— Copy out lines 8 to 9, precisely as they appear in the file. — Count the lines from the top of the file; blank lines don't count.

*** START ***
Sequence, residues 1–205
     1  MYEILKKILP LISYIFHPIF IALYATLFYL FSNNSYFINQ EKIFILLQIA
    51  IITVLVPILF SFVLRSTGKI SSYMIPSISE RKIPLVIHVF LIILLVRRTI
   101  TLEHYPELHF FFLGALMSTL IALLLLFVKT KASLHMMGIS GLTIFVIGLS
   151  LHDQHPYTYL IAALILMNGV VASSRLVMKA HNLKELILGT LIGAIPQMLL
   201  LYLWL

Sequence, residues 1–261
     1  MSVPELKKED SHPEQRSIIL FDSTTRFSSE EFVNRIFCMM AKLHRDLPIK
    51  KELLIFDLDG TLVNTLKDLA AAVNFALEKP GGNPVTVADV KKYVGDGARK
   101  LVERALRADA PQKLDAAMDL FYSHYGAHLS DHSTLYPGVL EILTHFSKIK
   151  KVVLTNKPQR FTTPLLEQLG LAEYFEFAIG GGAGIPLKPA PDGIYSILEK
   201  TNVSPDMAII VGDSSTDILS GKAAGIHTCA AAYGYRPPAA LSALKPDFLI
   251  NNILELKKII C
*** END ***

     1  MSVPELKKED SHPEQRSIIL FDSTTRFSSE EFVNRIFCMM AKLHRDLPIK
    51  KELLIFDLDG TLVNTLKDLA AAVNFALEKP GGNPVTVADV KKYVGDGARK